Smith told Mrs. Many invitations. You were such a success. Smith had a gray velvet cloak. Bell returned with it, settled it slowly over her shoulders. He was reluctant to release her.
Questions and Topics for Discussion
They were walking outside, Mrs. On the steps, they joined a crowd waiting for carriages. To the right were the Mills family and that peevish, gossipy attorney, Henry Halleck. Smith said. Everyone could hear her. Smith and Mrs. Radford were alone in their carriage. The ride to the country was a long one. It seemed as though Mrs. Smith had deliberately humiliated her. Radford asked. Or your ideas about love and beauty. The carriage rocked.
Smith asked. The carriage wheel hit a stone. It threw Mrs. Radford against Mrs. Smith caught her by the arm. This was the last party Mrs. Radford would attend in San Francisco. One month later she left on a boat filled with missionaries going to Hawaii.
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One year later she was one of only seven white women in Edo, Japan. From there she sailed to Russia; from there she made her way to Peking. She died somewhere near Chungking at the age of seventy-four. In , many years after her death, Selim Woodworth received a message from her. It was a bedraggled note, crumpled, carried in a pocket, trod upon, lost, left out in the rain.
Even the stamps were indecipherable. Radford had been when she wrote those words. Selim Woodworth had been dead himself for more than thirteen years. Radford had left behind. The streets were paved. The sand was landscaped. Cable cars ran up and down Nob Hill. There were still many more men than women in the city.
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This imbalance resulted in a high percentage of unrequited passions. Afflicted men consoled themselves with horse racing, graft, and most frequently, liquor. The destabilizing effects of widespread heartache combined with widespread drunkenness were somewhat alleviated by the rigging of local elections. The city was propelled in equal parts by drunken abuse and sober recompense. In those days every steamer that docked in San Francisco Bay was fitted with a large box. After the wreck of the SS Rio de Janeiro, one of these boxes was found floating past Alcatraz Island, and miraculously, the money was still inside.
When levered open, the box contained rubles and yen, lire and pesos, all shuffled together like cards.
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Some of the coins were worn so thin there was no picture at all, just a polished disk with no clue remaining as to its history or origin. Occasionally during rough seas someone would donate a holy medallion, usually Saint Christopher. One box held a single amethyst earring with a small drop pearl. It was still charity, it was still begging, but it bore the semblance of adventure. Lizzie Hayes wore one of the more puzzling coins on a chain around her neck, so whenever they looked at her, the people of San Francisco would be reminded that she needed their money.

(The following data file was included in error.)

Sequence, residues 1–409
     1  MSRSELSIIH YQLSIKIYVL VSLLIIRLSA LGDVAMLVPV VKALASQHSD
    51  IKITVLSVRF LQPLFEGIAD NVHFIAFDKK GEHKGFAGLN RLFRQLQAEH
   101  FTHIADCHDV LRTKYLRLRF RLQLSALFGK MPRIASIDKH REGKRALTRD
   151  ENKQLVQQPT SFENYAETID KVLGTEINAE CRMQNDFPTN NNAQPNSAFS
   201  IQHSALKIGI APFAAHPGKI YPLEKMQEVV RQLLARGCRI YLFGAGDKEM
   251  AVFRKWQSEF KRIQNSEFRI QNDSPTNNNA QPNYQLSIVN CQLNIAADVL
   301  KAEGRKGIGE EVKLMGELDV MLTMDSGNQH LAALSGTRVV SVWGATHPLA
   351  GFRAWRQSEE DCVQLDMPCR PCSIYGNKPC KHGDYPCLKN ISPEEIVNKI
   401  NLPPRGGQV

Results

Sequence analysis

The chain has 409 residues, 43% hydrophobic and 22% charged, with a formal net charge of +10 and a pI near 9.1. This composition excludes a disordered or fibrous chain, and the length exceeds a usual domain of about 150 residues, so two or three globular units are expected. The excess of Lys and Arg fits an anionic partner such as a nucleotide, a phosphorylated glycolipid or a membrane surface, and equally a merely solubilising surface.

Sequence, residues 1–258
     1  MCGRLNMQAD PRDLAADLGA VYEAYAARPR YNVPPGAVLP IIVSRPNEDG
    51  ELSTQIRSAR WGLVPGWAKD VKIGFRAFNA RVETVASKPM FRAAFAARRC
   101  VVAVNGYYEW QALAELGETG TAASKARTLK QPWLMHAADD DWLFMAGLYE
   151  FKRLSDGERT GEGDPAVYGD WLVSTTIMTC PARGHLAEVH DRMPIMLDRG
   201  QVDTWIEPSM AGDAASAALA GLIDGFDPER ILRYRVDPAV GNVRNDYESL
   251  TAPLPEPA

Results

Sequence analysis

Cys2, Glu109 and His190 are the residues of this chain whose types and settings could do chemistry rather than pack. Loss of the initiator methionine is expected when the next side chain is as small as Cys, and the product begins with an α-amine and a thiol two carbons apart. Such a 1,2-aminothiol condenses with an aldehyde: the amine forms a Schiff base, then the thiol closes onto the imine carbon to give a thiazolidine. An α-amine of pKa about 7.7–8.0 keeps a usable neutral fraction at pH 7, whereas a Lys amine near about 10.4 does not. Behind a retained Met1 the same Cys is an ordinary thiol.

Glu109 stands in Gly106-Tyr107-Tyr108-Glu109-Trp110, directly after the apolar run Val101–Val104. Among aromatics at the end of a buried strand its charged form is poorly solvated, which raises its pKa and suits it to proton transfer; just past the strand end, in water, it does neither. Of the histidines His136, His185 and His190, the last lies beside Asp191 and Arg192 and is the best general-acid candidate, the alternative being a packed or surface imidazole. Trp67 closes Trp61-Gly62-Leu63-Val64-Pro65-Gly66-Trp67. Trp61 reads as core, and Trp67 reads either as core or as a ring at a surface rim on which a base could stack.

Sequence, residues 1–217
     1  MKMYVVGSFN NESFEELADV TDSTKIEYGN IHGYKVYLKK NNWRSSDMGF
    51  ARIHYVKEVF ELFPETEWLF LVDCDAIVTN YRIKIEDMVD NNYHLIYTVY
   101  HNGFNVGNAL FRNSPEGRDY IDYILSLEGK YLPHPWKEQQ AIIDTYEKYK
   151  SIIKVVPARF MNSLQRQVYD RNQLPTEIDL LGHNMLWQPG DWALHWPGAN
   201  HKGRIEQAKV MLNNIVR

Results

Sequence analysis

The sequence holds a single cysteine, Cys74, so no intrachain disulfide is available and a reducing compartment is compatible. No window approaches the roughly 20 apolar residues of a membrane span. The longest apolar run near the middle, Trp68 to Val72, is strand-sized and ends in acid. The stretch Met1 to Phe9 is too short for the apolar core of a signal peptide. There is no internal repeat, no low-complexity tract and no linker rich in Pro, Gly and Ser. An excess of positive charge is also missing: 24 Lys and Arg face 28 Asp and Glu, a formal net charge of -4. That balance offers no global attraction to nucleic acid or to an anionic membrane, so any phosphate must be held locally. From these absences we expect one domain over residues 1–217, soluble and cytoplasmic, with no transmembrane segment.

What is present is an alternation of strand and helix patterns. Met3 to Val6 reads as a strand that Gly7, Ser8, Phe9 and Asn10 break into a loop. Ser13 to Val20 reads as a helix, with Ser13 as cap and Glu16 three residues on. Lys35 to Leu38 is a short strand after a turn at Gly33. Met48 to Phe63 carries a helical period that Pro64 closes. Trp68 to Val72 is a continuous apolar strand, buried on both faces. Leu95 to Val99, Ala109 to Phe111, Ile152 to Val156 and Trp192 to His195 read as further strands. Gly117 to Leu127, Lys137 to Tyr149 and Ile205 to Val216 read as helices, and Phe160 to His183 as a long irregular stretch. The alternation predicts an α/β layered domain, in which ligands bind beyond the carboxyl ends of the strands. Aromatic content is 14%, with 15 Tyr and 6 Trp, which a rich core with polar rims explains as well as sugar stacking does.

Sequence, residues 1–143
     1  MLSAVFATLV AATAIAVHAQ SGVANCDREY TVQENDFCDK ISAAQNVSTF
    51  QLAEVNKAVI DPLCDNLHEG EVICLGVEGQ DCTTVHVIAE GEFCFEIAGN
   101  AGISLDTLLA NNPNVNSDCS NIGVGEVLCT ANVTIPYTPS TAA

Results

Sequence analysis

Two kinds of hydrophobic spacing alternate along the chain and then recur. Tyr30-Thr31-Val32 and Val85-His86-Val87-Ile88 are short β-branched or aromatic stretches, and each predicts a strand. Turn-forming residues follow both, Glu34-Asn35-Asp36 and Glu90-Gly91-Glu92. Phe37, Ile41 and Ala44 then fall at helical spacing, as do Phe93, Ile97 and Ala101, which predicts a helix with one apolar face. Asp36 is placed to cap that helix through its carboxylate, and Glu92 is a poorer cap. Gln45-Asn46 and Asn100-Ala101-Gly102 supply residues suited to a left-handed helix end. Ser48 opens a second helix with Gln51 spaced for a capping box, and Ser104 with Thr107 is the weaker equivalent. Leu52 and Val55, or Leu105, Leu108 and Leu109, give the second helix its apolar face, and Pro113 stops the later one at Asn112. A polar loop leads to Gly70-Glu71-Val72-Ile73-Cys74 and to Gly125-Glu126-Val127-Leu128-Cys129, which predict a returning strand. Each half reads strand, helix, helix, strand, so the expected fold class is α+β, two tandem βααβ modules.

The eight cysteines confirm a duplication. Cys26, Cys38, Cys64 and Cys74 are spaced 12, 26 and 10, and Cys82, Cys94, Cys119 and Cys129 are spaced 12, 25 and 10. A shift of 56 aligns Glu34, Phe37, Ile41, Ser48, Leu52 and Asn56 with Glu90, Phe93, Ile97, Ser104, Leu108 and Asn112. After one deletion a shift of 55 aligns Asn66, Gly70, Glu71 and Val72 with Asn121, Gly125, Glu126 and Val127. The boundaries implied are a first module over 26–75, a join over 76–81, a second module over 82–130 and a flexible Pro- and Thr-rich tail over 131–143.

The coin was imprinted with a mermaid curled into a circle, her hair so wide and wild it netted the tip of her own tail. If anyone asked, Lizzie said it was the currency of Atlantis. She had few intimate friends, but attended two churches, Grace Church and St. In she was a spinster who had just seen her fortieth birthday. She was working in the cupola one day in January, sorting through a box of donated books, when one of the older girls came to tell her Mrs.
Mary E. Pleasant was at the door. She wiped herself with her apron and went downstairs at once.
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Pleasant could ride. Pleasant walked the half-block to the car, and it seemed to Lizzie that she had walked as slowly as possible. She had given the driver an enormous, showy tip. Lizzie had also seen Mrs. Pleasant on occasion in her opulent Brewster buggy with its matched horses from the Stanford stables.
Pleasant dressed like a servant, but she had her own driver in green livery and a top hat, and also her own footman to attend her. It was one of the most famous in the city, appearing often in editorial cartoons, particularly in the Wasp. Although actually the last drawing had not used her face.
Instead, a black crow had peered out from underneath Mrs.
She had a small green snake tattooed in a curl around one breast. She could restore the luster to pearls by wearing them. Does her attitude toward them change during the course of the story? How does her discovery about Jenny affect these feelings? What role does Ti Wong play in the story? How does he change after his near-fatal bout with diphtheria?hoa10gio.com/includes/2019-06-18/1338.php
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Is this what she believes her entire life to be, one brilliant invention after another? Learn More About Sister Noon print. LitFlash The eBooks you want at the lowest prices. Read it Forward Read it first. Pass it on! Stay in Touch Sign up. We are experiencing technical difficulties. Try Storytel. San Francisco in the s is a town of contradictions. Lizzie Hayes, a docile, middle-aged spinster, is praised for her volunteer work with the Ladies' Relief and Protection Society Home. When the wealthy but ill-reputed Mary Ellen Pleasant shows up with an orphan in tow, Lizzie is drawn to them both.